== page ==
Older movies aren’t necessarily better movies. For an act or so, Russian Roulette (1975) possesses the nostalgic watchability of grubby seventies cinema, but overall it’s pretty terrible. Shaver (George Segal) is a suspended, loose-cannon member of the Royal Canadian Mounted Police in Vancouver. When a disheveled Special Branch officer named Petapiece (Denholm Elliott) recruits him to take a shady Russian criminal into custody in advance of an important summit, Shaver sees an opportunity to earn his way back into the force’s good graces. But he soon finds himself in over his head, confronting a devious assassination plot spearheaded by Russian intelligence.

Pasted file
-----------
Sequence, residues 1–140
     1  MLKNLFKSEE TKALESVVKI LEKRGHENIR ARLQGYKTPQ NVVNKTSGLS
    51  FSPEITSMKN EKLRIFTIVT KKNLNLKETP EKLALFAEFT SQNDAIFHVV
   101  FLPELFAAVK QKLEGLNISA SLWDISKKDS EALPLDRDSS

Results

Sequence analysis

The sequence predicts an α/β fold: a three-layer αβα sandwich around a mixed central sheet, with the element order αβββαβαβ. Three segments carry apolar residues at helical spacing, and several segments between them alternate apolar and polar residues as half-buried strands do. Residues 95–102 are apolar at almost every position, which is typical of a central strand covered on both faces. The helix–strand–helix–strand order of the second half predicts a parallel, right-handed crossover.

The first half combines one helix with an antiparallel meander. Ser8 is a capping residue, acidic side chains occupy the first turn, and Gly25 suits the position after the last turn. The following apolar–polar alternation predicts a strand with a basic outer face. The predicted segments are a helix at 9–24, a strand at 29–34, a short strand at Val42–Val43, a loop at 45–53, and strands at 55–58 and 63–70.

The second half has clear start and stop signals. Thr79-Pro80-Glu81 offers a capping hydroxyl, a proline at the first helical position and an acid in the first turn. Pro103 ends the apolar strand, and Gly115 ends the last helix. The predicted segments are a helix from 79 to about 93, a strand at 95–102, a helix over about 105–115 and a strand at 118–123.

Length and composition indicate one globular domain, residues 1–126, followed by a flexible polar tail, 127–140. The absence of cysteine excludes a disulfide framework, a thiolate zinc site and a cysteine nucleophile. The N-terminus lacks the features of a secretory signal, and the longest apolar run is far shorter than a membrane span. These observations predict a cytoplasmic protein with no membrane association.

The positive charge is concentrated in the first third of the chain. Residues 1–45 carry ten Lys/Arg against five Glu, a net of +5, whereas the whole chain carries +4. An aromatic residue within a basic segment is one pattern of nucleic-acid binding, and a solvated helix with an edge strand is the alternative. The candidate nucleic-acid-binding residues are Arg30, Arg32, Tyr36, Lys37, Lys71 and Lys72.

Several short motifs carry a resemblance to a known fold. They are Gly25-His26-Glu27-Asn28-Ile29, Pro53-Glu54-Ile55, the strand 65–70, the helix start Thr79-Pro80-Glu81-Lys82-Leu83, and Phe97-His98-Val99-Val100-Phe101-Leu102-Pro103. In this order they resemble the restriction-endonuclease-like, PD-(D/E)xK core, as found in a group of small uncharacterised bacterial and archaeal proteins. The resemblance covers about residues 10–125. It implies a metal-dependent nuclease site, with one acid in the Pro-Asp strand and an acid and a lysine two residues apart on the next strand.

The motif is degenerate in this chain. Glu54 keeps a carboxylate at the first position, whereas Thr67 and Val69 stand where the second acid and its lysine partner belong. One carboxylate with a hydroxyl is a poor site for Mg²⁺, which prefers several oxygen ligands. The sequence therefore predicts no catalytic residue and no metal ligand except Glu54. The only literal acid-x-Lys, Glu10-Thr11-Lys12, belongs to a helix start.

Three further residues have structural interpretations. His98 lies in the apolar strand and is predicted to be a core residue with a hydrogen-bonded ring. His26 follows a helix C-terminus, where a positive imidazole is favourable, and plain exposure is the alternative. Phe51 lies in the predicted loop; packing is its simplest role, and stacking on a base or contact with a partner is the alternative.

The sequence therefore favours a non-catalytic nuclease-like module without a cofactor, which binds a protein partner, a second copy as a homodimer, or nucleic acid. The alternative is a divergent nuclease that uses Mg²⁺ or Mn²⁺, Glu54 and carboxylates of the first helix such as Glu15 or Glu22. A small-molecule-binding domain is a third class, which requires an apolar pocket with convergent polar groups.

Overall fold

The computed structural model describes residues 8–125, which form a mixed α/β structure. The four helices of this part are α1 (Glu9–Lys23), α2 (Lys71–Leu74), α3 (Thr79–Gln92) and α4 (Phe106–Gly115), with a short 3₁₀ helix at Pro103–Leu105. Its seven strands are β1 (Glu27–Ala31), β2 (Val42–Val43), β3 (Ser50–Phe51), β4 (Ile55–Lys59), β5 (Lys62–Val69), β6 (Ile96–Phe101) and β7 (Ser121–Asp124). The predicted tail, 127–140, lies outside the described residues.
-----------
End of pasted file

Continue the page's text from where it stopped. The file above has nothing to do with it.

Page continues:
If you’ve ever been curious what Vancouver, B.C. looked like back in the mid-seventies, Russian Roulette — filmed on location — is the movie for you. Otherwise, this is a justifiably obscure movie, a clumsy, far-from-ingenious spy thriller. In a genre frequently characterized as “competence porn,” Russian Roulette is rife with incompetence — especially from its hero, who doesn’t seem particularly good at what he does, nor likable while he’s doing it. Elliott is a quirky presence, and Richard Romanus is vaguely amusing as a criminal heavy Shaver mixes is up with. But when the mystery falls away in the third act, the film lurches into silly, clumsily shot action-adventure, landing with a thud. I suppose it was nice to temporarily revisit an era where the threat of Russian meddling could be so basic and cartoonish, and the film’s dingy cinematography provides an interesting, modest look at the Vancouver of yesteryear. But those are pretty much the only things the film has going for it.